• Henry Dorling

Skills... to pay the bills? What is the skills gap and how can we address it


The future of young people is rarely off the agenda and as a result schools, colleges and universities are all vying to offer young people opportunities that will enhance their employability skills and work opportunities, with industry involved to enhance their prospects to ensure they are ready to go out in the wide world. However, as a recent report shows, only 64% of young people move onto further education or training. Of that 64%, only 59% move onto a degree programme and only 1% move into an apprenticeship highlighting a clear gap that needs to be addressed.


Across the UK the number of young people who are NEET (Not in Education Employment or Training) has slowly been rising over the last few years. A report earlier this year by Youth Employment UK showed that 797,000 young people are NEET; this has increased by 39,000 on the previous quarter and 34,000 on the previous year. In addition the Youth Futures Foundation found that young people account for 46% of the overall fall in employment with almost 200,000 young people who are out of work have been unemployed for over six months. Youth Futures Foundation Director of Impact and Evidence, Chris Goulden, one of the authors of the report, commented that the report highlights the ‘alarming implications for our future economy and any ambitions to ‘level up’ our society.’


One of the issues is the skills gap which is getting wider for all, but is most profound for those who are most disadvantaged in our society.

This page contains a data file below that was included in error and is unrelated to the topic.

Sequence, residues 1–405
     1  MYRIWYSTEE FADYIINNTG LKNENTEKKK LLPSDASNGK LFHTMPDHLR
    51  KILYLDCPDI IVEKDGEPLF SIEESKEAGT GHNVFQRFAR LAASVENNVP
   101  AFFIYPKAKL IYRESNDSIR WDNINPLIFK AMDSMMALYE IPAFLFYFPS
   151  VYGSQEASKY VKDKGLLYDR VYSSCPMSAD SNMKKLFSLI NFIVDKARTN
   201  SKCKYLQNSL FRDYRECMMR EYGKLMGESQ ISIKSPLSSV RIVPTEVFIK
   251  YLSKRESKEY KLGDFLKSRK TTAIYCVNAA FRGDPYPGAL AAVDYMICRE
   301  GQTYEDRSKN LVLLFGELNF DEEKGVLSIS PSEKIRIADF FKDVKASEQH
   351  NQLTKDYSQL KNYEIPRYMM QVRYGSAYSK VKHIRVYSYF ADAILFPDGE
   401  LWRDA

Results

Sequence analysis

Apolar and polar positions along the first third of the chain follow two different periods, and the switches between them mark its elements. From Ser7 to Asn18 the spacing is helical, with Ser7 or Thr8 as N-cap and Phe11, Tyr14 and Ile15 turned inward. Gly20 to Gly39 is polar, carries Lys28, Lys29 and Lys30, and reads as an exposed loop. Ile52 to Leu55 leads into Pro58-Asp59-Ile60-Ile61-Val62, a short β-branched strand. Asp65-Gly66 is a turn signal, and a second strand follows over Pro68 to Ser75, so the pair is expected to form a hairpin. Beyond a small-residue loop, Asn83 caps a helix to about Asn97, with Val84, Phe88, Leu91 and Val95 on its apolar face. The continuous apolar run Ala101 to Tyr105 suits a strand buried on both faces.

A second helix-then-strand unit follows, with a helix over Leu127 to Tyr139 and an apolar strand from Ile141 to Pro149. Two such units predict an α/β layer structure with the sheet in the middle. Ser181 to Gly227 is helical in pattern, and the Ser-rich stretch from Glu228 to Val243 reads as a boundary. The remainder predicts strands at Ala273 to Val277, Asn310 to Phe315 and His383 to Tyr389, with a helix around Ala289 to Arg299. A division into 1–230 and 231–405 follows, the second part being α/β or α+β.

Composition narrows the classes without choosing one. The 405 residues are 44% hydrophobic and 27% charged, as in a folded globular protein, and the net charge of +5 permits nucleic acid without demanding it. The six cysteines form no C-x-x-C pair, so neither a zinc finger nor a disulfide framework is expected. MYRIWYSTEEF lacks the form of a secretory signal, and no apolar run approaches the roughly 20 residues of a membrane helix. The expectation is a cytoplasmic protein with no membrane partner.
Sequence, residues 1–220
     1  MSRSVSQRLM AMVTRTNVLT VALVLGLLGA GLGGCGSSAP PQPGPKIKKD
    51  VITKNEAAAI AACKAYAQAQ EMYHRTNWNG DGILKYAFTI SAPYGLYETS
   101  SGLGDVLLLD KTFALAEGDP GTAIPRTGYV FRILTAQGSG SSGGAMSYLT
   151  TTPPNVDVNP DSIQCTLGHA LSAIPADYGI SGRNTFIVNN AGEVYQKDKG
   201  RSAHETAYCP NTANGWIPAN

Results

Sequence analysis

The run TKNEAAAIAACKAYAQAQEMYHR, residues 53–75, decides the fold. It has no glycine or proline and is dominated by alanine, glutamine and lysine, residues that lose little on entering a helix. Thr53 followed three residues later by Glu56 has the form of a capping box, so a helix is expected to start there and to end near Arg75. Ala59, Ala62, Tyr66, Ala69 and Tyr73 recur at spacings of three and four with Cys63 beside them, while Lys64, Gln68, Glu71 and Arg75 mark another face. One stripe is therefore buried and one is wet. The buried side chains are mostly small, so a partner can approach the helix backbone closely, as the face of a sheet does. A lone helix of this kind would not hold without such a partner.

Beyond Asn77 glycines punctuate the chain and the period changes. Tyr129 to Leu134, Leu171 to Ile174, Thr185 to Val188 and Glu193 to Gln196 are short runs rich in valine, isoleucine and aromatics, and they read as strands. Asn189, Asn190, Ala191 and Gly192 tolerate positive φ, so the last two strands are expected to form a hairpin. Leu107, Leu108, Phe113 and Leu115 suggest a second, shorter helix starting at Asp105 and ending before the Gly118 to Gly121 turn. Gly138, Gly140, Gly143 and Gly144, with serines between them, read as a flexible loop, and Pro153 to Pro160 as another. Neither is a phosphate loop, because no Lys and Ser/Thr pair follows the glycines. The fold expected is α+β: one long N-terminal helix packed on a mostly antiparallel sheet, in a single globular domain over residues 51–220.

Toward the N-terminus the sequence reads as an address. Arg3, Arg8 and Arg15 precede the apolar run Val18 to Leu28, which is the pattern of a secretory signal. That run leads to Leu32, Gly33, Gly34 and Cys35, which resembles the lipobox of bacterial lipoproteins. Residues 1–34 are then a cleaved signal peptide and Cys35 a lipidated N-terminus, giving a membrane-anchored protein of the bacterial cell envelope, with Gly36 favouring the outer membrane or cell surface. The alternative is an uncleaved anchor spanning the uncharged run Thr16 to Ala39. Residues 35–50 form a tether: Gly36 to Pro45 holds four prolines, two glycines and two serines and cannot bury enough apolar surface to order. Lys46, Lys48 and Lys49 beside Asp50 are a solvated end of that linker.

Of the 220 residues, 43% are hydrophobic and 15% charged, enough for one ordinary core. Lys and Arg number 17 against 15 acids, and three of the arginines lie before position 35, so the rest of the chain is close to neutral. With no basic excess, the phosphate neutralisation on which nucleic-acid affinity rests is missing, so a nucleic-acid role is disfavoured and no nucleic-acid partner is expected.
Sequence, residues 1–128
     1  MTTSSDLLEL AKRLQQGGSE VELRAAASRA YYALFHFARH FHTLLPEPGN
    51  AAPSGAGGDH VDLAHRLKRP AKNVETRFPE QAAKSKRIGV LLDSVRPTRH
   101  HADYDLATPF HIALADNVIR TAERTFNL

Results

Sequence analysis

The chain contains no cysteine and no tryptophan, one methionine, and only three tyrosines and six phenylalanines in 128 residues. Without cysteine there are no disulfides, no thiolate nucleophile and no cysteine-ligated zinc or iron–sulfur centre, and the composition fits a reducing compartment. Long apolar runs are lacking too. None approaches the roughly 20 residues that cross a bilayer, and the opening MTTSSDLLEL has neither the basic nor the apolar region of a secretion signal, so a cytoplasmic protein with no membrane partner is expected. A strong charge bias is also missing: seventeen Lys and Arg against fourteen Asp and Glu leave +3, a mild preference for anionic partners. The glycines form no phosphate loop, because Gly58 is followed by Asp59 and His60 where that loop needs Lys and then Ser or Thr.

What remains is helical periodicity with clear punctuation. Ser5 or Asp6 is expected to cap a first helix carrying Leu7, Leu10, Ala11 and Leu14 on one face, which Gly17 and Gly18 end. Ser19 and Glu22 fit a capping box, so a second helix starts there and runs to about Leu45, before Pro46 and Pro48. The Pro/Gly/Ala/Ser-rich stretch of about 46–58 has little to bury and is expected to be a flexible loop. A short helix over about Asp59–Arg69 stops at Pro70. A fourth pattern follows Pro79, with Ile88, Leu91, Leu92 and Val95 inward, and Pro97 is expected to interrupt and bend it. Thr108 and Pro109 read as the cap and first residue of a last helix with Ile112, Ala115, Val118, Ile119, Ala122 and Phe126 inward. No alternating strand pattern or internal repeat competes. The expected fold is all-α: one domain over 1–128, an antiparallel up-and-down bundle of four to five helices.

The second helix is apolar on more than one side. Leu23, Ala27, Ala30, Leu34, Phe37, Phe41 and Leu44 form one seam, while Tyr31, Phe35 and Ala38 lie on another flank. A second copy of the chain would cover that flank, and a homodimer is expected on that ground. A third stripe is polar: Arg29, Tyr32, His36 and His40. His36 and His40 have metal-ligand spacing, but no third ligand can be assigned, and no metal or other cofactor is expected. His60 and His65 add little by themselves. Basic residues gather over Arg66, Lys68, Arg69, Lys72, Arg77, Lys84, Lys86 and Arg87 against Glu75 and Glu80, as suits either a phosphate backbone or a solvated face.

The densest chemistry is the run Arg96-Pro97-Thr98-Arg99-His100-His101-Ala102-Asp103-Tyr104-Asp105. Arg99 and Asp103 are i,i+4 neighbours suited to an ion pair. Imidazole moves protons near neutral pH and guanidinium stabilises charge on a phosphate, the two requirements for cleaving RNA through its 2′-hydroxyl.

Businesses are calling for a more adaptable, flexible and creative workforce to prepare for careers for the future. In a fast paced environment, organisations are looking to create and sustain a talent pool which can contribute to the future development of their own, but also the wider industry.


Young people must have a way to showcase those talents and skills that will ultimately stand them out from others but equally get them access to the talent pool in the first place.

As Chris Goulden again states, we need to ‘ensure that young people can benefit fully from future employment growth and investment….to secure good quality future employment, training and education.


And to compound the problem, around half of businesses are not satisfied with school leavers’ work experience which indicates that even if there are opportunities for young people, they are not able to develop and evidence their skills well enough.

It seems as though the ability to showcase skills and talents is paramount for young people to leverage opportunities and to be able to take advantage of links with businesses to build effective networks. It is also important to be able to navigate the most effective route through their chosen industry to build their career prospects. One third of businesses (33%) are either dissatisfied or very dissatisfied by the amount of relevant work experience young people have.


Indeed, the employers believe a top priority for schools and colleges should be developing awareness of working life with support from businesses (42%) as well as improving the quality of careers advice (42%).


So how can we as educationalists, as parents or just as a society who care about our young people and their future prospects, actually help to address this?

As a digital interactive record of achievement, the globalbridge platform is a great way for young people to evidence those skills, achievements and experiences that maybe future employers, colleges or universities have been looking for. It also allows businesses to connect with their future workforce through engagements in employability themed events like the globalbridge future stars event or via the promotion of opportunities such as apprenticeships, training or work experience opportunities.


If we can help to bridge the gap between schools, colleges, universities and industry, as globalbridge can do, we have a chance to level the playing field for young people, address the gaps that employers have identified, develop and support their skills and talents to improve society and give everyone the chance they deserve to succeed.

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